Drillers accidentally hit a pocket of molten rock underneath a working geothermal energy field in Hawaii, a lucky break for geologists that could allow them to map the geological plumbing that created everything we know as land.

The unprecedented discovery could act as a “magma observatory,” allowing scientists to test their theories about how processes transformed the molten rock below Earth’s surface into the rocky crust that humans live on today.

“This is like Jurassic Park for magmatic systems,” said Bruce Marsh, a geologist at Johns Hopkins University. “You can go to museums and see dinosaur skeletons. But if a paleontologist could see a dinosaur frolicking in the open countryside, it would be absolutely spellbinding. And this is what it is for me to see this thing in in its natural habitat.”…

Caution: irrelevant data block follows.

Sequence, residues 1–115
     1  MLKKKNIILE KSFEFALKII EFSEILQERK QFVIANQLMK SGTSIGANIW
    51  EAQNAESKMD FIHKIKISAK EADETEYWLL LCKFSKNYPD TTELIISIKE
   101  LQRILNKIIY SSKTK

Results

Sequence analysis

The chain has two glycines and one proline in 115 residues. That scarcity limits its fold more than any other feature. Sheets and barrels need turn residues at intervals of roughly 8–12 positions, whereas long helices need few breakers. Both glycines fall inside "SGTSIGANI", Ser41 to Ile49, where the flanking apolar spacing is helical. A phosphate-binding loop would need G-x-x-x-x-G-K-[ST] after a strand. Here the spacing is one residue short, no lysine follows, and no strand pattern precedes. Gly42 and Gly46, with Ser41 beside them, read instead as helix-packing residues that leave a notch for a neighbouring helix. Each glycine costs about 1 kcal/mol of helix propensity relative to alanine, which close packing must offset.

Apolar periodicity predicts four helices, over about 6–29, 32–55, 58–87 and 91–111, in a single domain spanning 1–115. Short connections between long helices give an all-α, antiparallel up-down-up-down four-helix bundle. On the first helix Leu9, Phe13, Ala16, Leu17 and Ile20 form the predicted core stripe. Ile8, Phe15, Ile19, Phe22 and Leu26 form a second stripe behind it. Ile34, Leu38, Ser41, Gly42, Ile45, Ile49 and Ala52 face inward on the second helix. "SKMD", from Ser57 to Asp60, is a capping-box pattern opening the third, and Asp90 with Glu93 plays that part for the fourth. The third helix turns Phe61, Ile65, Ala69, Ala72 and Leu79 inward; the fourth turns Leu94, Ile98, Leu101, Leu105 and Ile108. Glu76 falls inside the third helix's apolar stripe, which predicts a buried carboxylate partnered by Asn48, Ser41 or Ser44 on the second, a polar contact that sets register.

Read more at wired.

Comments

  1. #1 thadd
    December 22, 2008

    Did anyone stop to think that comparing a discovery to Jurassic Park is a bad idea. Wasn’t the point of that not to play god etc?

  2. #2 marilove
    December 22, 2008

    …Thadd, I imagine he was mostly describing the feeling. Imagine how a paleontologist would feel if he or she saw a dinosaur in real life.

    ” it would be absolutely spellbinding.”

    That’s it. It was just a way for him to describe how it felt for him.